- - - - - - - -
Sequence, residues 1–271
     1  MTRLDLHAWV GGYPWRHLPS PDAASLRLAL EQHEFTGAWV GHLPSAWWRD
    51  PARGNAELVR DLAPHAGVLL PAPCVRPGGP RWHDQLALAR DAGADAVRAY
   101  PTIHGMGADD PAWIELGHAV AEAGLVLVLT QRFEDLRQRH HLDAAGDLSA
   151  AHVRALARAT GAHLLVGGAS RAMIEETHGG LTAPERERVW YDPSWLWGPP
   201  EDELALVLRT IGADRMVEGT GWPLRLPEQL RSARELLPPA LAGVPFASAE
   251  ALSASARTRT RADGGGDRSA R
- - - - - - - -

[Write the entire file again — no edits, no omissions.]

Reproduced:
Sequence, residues 1–271
     1  MTRLDLHAWV GGYPWRHLPS PDAASLRLAL EQHEFTGAWV GHLPSAWWRD
    51  PARGNAELVR DLAPHAGVLL PAPCVRPGGP RWHDQLALAR DAGADAVRAY
   101  PTIHGMGADD PAWIELGHAV AEAGLVLVLT QRFEDLRQRH HLDAAGDLSA
   151  AHVRALARAT GAHLLVGGAS RAMIEETHGG LTAPERERVW YDPSWLWGPP
   201  EDELALVLRT IGADRMVEGT GWPLRLPEQL RSARELLPPA LAGVPFASAE
   251  ALSASARTRT RADGGGDRSA R